mid-day editorial: Women can't feel safe even in their homes
The city read in shock yesterday of the sexual assault and murder of a Vile Parle-based young woman, a physiotherapist
The city read in shock yesterday of the sexual assault and murder of a Vile Parle-based young woman, a physiotherapist. The 25-year-old professional was killed in the early hours of Tuesday, after attending a birthday party of a friend.
Reports stated that she went out for dinner with a group and returned home at midnight. She was then raped, strangled with a pair of jeans and burnt. Marks on her body showed signs of a struggle and initial reports claim that the cops suspect the assaulters set fire to the body in an attempt to pass this off as just a murder.
The most important aspect is that the crime happened inside the girl’s home. It proves just how vulnerable women continue to be even in supposed safe places like their homes. The second is that the killers may have been friends or acquaintances, spending time with her at home. For years, women have been told to stay within four walls and not mix with strangers. Well-meaning though the advice may be, it has been blown to smithereens as more cases turn up of women being assaulted in their homes, at workplace, schools, colleges and even medical institutions by men who are known to them. It is symptomatic of a sick, inequitable society that safe spaces for women are shrinking at an alarming and very disturbing rate.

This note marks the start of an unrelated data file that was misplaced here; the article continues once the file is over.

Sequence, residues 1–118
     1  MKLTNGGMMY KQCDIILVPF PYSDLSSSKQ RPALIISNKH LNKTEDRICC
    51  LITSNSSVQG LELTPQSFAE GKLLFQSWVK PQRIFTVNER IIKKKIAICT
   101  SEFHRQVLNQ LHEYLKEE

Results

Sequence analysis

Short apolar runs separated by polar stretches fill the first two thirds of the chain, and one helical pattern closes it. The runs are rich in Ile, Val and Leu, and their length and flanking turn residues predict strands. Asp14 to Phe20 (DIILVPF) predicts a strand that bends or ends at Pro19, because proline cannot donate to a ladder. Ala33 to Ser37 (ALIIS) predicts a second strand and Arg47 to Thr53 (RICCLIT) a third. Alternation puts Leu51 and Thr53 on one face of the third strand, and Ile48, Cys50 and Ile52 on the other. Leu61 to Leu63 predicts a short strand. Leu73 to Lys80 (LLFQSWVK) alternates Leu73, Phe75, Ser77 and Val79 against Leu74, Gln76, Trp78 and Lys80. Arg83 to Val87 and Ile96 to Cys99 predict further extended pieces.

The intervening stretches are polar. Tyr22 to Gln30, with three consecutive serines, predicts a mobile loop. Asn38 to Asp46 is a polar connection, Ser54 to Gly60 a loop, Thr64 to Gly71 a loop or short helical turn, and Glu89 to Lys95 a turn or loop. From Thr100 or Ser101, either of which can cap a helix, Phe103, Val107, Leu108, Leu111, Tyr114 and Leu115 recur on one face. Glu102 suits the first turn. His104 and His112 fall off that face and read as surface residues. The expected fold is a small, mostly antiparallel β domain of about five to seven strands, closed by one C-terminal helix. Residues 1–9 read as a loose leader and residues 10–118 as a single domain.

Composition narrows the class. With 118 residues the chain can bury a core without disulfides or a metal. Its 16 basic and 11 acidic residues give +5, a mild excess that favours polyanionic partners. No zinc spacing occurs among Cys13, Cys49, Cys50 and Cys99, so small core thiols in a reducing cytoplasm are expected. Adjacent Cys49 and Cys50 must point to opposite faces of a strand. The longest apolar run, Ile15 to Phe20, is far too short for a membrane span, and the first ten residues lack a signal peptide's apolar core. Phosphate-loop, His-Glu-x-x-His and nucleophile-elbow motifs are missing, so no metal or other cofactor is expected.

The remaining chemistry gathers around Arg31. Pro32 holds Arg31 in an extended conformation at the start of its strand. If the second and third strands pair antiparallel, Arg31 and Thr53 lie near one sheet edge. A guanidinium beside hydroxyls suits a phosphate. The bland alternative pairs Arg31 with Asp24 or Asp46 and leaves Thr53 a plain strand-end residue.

We have learnt little from the the Nirbhaya case, which became the catalyst of a nation-wide movement. While help became more accessible, and the concept of naming and shaming the accused became more common, there still seems to be no let up in assault cases.
In the end, it would be the greatest travesty if this victim is judged by parameters like the time she came home, or who she let into her house. It’s high time we focus our judgment on the killers instead.
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